Celebrating the life and legacy of this University of Arizona alumnus.
“Life is a blank sheet of paper in which each of us writes one or two words before night arrives. Start it off with greatness, even if you only have time for one line make it great. To fail is not a crime but holding low ideals is.”
– Judge Lawrence Huerta, Enriching Your Life 1968
The University of Arizona James E. Rogers College of Law mourns the loss of The Honorable Carrasco Lawrence Huerta (‘53) who passed away on May 25, 2022. He was 97.
Judge Huerta, a member of the Pascua Yaqui Tribe, was the first Native American to graduate from University of Arizona Law and the first to be licensed to practice law in Arizona. Throughout his illustrious career, he worked tirelessly to increase access to education for Indigenous communities and promote tribal sovereignty. During his time as chancellor of Navajo Community College (now Diné College), Huerta helped to expand its reach and impact within the Navajo community, establishing the institution as a pillar of the nation-building activities of the Navajo Nation.
Huerta was also instrumental in the drafting of the Pascua Yaqui Tribe’s constitution and played a pivotal role in the tribe’s successful effort to gain federal recognition, extending significant rights to the tribe and its members. Today, the Pascua Yaqui Tribe has one of the most robust governments and tribal court systems in the nation.
Committed to a life of public service, Huerta worked in various capacities for the state of Arizona including as the assistant attorney general, as a member of the State Industrial Commission and as a judge on the Maricopa County Superior Court. In recognition of the countless lives he impacted, he was awarded the Lifetime Achievement Award from University of Arizona Law in 2015, the highest honor bestowed by the college.
In 2014, as a tribute his lifetime of leadership to University of Arizona Law and to the legal community, the Huerta Scholarship was created thanks to an originating gift of $25,000 from the Pascua Yaqui Tribe. In the eight years since its creation the scholarship program has provided financial support to 37 Native students attending University of Arizona Law and helped to increase the overall number of Native students attending law school and Native Lawyers practicing law.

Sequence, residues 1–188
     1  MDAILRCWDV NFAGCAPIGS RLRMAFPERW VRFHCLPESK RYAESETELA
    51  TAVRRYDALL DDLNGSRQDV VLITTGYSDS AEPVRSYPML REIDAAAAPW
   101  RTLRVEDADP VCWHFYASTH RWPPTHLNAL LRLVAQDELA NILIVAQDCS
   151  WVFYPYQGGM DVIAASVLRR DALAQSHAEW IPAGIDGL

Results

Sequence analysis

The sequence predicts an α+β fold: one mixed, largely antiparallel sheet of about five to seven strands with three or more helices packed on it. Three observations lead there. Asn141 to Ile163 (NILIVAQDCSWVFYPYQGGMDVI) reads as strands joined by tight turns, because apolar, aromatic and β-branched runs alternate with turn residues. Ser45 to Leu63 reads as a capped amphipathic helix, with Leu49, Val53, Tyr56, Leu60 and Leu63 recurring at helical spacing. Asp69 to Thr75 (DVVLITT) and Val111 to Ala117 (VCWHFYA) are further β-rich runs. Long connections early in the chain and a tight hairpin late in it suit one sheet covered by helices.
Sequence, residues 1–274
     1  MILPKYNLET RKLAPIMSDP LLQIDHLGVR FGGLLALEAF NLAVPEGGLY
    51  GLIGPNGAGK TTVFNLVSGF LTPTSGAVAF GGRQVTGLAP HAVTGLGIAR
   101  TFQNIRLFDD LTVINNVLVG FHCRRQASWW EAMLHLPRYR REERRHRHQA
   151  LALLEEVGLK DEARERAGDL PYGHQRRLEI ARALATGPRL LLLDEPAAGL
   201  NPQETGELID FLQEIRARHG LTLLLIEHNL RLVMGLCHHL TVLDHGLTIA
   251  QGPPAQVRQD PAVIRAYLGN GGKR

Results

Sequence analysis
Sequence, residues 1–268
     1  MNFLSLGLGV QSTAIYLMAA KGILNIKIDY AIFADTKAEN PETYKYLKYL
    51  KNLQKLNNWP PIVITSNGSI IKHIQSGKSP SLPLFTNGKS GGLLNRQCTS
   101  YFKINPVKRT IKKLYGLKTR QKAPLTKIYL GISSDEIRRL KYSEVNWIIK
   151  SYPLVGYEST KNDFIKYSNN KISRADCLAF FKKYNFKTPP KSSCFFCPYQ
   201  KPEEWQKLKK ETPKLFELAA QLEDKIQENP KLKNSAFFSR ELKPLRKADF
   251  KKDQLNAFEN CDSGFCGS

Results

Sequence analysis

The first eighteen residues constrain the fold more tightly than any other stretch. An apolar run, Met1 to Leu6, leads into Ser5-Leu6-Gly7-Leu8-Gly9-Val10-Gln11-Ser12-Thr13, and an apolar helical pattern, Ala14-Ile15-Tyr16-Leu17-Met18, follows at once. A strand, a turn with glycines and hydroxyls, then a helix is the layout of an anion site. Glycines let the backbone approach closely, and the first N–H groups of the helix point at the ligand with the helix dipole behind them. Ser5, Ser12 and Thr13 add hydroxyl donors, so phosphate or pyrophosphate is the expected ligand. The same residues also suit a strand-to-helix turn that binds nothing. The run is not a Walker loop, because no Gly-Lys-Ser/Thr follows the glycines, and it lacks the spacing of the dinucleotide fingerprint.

“Judge Lawrence Huerta stands out as one of the most interesting and extraordinary graduates in the history of Arizona Law,” said Dean Marc Miller. “He graduated when Arizona Law had been in existence for only 38 years. In the 70 years since, he had a major impact on the Pascua Yaqui Nation, of which he was a member, and communities far beyond. Now, and for generations to come, students will learn about Judge Huerta as they are supported as Huerta Scholars.”
In the nearly seventy decades since Huerta graduated from University of Arizona Law, more than 200 Native American and Indigenous students have followed in his footsteps, earning law degrees and making remarkable achievements within their chosen career fields.
Regents Professor Robert A. Williams, Jr. faculty co-chair of the Indigenous Peoples Law and Policy Program which selects the Huerta Scholarship Award recipients remarked on Judge Huerta’s impact and legacy; “He lived a remarkable life of achievement and commitment to advancing the rights of his Yaqui community and to Native peoples throughout the state of Arizona. I couldn’t think of a better way to honor Judge Huerta and celebrate his life than to continue on his work through the Huerta Scholars who have graduated from his alma mater and will continue to graduate inspired by his remarkable career.”